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Blu-ray Review

DVD cover

The Rage
Carrie 2 (1999)


Starring: Emily Bergl, Jason London, Dylan Bruno, J. Smith-Cameron and Amy Irving
Distributor: 88 Films

Certificate: 18
Release Date: 25 March 2019

Rachel is a teenager either ignored or bullied by the in-crowds at school. She lives with uncaring foster parents after her mother was committed to Arkham Asylum (a nice reference to the works of H.P. Lovecraft) when she was a small child. A group of American football jocks play a ‘game’ whereby they keep running-scores on their sexual conquests with the girls. Jesse wants nothing to do with this. When he takes an interest in Rachel over one of the in-girls this riles the jocks and the ‘clicky’ cheerleaders. The couple get together when Jesse helps Rachel get her dog to the emergency vets after it is run over. The others decide to ruin this attraction by setting-up an elaborate trap of embarrassment and lies at a party after the big game. But they hadn’t bargained for Rachel’s deadly secret. She is the half-sister of Carrie White, and also has extraordinary powers of telekinesis that emerge at times of pain, stress or anger. Something tells me the party won’t end well...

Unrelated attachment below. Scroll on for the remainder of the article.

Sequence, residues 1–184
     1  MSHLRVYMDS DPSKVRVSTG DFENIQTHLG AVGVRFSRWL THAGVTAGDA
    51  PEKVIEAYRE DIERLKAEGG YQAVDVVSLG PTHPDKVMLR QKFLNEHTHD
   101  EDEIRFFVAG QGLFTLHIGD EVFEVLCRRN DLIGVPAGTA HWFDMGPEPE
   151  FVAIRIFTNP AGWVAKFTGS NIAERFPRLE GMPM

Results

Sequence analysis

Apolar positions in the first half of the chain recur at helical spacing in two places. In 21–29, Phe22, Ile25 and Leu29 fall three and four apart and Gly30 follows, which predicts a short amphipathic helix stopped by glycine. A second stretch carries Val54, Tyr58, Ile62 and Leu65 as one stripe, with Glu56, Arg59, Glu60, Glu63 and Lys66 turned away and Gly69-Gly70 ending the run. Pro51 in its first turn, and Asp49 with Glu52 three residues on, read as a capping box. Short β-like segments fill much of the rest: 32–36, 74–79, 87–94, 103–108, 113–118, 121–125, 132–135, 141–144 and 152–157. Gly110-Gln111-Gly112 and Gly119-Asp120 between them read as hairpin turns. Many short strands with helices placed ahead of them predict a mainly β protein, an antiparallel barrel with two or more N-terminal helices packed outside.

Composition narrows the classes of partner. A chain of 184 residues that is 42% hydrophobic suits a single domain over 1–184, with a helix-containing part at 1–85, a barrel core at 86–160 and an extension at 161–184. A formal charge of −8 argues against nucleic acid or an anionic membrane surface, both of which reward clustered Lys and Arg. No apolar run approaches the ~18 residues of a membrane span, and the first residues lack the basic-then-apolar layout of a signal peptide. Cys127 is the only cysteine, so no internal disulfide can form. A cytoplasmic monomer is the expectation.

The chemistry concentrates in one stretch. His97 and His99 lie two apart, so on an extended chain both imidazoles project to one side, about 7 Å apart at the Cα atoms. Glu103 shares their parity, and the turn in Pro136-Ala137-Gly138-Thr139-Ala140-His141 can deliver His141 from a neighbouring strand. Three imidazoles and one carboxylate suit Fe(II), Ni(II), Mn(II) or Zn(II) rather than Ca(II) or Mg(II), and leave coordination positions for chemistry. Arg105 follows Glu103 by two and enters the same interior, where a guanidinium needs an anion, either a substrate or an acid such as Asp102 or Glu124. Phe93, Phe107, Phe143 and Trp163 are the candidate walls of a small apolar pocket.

This is a very nice 1080p HD Blu-ray presentation, by British distributor 88 Films, of the 1999 film The Rage – a sequel of sorts to the 1976 Brian DePalma adaptation of the Stephen King novel Carrie.

The original made quite an impact on the mainstream and horror film circuits. This film was a long time coming, arriving 23 years after the original. However, rather than a rehash – as many sequels are – it manages to both update and flesh-out the old concept by telling an original and then-contemporary story, whilst maintaining links to the backstory which are tenuous and so unobtrusive.

Emily Bergl is very good as the isolated and outcast teenager. You believe her situation and her initial acceptance of always being on the fringes. When her only friend commits suicide after being sexually disrespected by one of jocks, this proves to be a catalyst for the involuntary development of her abilities.

The plot seems simple but is told very well at the hands of director Katt Shea, best known for Poison Ivy. Opinion seems to be divided on this film, but I think it makes an impact. If you care about the characters it’s doing the right thing, and the sign of a good film can be how quickly the running time passes you by. The epilogue has a nice shock sequence, changed from a cut scene. The film also has a very nice and varied soundtrack; one minute Metal, the next Sixties-sounding keyboards, and a little bit of Acid-Bath-Hippy-Hop-in-the Garage for the hipster scenes.

Extras include: Deleted scenes, an rather nonsensical Alternate Ending, two Audio Commentaries, and a Limited Edition Collectors’ Booklet.


Ty Power

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